would give 24-hour notice of landing but otherwise maintain silence un-
less there is an emergency.
No word was heard from either NASA or the Air Force yesterday, the
shuttle's third day in flight, indicating the earliest day the orbiter would
land at Edwards Air Force Base in Califrnia would be tomorrow.
The Air Force gave no information on whether the five-person military
crew accomplished its main goal: deployment of a powerful radar satellite
designed to gather extremely sharp images of East Bloc military facilities
in all weather.
Military threatens to use
force in Soviet Azerbaijan
MOSCOW - The military commander of Baku warned yesterday that
force may be used to contain unrest in the Azerbaijani capital, where au-
thorities have banned protests and meetings in efforts to impose order.
In another development, a newspaper said guards armed with sub-
machine guns were protecting Armenian and Azerbaijani refugees as they
streamed across the border dividing the two republics.
Official news reports have placed the total number of refugees from
both sides at about 150,000 and said they are living in tents at summer
resorts, vacant apartments and with relatives and friends.
The refugee problem is "standing like a black cloud over everybody's
head," said Col Gen. Tyagunov. "Force will be used in case of any failure
to abide by regulations established by law."
Bhutto selects new cabinet
ISLAMABAD, Pakistan - Prime Minister Benazir Bhutto installed
her Cabinet yesterday, holding the defense and finance portfolios for her-
self and naming a foreign minister who served under the late President
Mohammed Zia ul-Haq.
The moves followed her orders Saturday to free political prisoners con-
victed under martial law and commute all death sentences. Those orders
are expected to be acted on by President Ghulam Ishad Khan.
In a news conference, Ms. Bhutto said the appointment of Sahabzada
Yaqub Khan to head the Foreign Ministry is a signal of continuity in
Pakistan's stand on the war in neighboring Afghanistan.
Pakistan, with help from the United States, supports Moslem anti-
communist guerrillas fighting the Soviet-backed Kabul government and
shelters more than 3 million Afghan war refugees.
Hijackers returned to USSR
JERUSALEM - Foreign Minister Shimon Peres said yesterday that
the Soviet Union's enthusiastic response to Israel's help in the return of
four hijackers has given "new significance" to relations with Moscow.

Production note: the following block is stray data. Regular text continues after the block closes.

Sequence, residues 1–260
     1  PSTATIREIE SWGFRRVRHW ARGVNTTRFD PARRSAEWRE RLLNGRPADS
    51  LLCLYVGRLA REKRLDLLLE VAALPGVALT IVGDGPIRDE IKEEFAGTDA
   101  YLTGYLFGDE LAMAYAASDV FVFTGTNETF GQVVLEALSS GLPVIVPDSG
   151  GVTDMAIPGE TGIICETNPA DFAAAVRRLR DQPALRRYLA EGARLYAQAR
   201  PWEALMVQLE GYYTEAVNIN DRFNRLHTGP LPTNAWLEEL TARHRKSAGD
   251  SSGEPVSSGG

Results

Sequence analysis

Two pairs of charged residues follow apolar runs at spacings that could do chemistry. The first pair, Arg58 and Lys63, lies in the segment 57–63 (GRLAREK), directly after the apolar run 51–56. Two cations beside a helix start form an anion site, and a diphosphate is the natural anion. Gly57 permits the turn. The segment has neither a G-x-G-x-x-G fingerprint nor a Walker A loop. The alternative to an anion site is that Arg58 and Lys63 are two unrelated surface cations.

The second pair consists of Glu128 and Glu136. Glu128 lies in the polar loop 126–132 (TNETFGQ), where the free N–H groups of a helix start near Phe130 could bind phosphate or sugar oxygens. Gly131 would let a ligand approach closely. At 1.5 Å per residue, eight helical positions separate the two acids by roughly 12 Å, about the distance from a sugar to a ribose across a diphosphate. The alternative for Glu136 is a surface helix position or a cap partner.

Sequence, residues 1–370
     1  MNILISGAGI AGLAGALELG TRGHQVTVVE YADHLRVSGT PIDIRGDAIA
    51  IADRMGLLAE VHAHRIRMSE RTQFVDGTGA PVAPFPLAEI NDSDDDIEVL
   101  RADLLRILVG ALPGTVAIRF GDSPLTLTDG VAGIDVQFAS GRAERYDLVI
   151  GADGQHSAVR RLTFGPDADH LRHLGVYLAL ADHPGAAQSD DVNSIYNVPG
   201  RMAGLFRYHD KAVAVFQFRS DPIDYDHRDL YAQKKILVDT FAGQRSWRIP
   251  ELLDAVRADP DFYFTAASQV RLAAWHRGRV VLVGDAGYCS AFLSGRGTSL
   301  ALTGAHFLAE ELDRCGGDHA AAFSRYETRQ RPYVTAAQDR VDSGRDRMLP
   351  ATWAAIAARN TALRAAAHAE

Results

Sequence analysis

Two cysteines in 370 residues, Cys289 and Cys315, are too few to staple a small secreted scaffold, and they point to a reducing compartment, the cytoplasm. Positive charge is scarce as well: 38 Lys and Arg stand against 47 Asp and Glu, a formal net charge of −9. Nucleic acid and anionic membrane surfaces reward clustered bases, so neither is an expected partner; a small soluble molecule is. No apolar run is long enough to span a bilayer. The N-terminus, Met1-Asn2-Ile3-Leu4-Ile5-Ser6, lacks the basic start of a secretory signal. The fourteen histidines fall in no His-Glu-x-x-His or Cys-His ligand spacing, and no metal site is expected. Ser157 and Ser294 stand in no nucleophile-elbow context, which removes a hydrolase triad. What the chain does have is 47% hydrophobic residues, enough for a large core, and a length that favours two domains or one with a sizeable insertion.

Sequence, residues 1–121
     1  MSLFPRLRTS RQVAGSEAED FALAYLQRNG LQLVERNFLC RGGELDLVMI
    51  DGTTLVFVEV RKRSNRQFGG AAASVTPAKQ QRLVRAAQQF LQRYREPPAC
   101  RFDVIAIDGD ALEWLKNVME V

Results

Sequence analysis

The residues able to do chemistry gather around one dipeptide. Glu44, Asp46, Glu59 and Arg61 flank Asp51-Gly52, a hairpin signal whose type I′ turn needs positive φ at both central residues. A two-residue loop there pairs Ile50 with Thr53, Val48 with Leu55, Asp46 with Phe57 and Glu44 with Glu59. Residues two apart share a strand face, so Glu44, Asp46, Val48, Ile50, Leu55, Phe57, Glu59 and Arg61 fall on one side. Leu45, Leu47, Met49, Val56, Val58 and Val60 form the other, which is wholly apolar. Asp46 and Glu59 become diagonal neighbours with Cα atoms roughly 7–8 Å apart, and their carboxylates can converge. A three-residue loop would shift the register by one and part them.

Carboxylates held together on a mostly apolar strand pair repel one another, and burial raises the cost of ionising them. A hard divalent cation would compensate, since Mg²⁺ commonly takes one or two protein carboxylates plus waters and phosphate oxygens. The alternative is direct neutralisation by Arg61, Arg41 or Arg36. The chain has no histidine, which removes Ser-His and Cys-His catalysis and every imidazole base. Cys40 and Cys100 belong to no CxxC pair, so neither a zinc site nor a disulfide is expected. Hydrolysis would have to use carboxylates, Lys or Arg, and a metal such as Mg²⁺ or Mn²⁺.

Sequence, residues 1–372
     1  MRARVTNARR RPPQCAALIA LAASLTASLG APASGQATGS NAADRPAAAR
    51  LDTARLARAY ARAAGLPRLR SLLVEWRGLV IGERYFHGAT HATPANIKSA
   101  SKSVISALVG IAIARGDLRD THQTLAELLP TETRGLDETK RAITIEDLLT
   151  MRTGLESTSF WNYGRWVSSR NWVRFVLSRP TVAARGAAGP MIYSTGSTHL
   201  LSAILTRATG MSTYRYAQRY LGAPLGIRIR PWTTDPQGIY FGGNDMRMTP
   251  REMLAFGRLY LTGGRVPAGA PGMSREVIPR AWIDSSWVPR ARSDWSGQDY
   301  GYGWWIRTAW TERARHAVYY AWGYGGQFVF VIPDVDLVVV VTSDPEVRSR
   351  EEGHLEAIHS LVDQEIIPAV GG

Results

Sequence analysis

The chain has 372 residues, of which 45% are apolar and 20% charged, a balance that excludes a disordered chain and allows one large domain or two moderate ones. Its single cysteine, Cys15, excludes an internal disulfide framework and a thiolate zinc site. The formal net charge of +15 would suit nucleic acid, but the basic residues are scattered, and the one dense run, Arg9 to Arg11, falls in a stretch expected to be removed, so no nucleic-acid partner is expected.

Peres also noted in a radio interview that Israel agreed to the speedy
return of the hijackers to the Soviet Union Saturday after receiving
written assurances they wouldn't face the death penalty.
The return of the hijackers ended a drama that began Thursday, when
four armed Soviets seized a busload of school-children in southern Russia,
then traded them for a plane out of the country and a $3.3 million
ransom. The hijackers surrendered shortly after arriving in Israel Friday
School soups up for a van
CHAMBERLAIN, S. D. - Here's an education that students at St.
Joseph's Indian School understand: One 15-passenger Dodge van equals
975,000 Campbell's soup labels.
They collected and bundled the labels and shipped them off to the soup
company. The van, with air conditioning and an AM-FM stereo, should
arrive any day.
The school's 186 students took about a year to collect the labels as
part of the Campbell Soup Co.'s Labels for Education program, which
for years has offered free equipment to schools and libraries for labels
from company products.
The school has participated for four years and has received $47,000 in
equipment during that time, said the Rev. Tom Westhoven, director of
development at the Catholic school for Indian children from troubled
The van will help transport students from their homes to the school
about 120 miles west of Sioux Falls.
The program did not offer a van as a prize until school officials re-
quested it, Westhoven said. "I askd the company to consider offering a
van, and they finally did after a year."
When Campbell set the price at 975,000 labels, "My God, we almost
died," he said.